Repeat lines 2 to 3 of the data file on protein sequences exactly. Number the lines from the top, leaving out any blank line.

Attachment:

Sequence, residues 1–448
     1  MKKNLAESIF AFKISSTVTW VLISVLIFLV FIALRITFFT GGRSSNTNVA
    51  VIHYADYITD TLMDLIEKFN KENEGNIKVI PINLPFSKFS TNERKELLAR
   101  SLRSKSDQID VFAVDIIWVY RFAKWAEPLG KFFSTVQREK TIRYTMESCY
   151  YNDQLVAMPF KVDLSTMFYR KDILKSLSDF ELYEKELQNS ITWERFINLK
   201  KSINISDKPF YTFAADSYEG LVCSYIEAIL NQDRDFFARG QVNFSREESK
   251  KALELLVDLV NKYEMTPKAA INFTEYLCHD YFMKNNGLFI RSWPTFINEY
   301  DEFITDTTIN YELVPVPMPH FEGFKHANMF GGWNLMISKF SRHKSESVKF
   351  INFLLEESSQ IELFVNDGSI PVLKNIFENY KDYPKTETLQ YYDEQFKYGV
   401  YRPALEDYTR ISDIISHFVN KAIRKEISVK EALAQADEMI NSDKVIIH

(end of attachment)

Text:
     1  MKKNLAESIF AFKISSTVTW VLISVLIFLV FIALRITFFT GGRSSNTNVA
    51  VIHYADYITD TLMDLIEKFN KENEGNIKVI PINLPFSKFS TNERKELLAR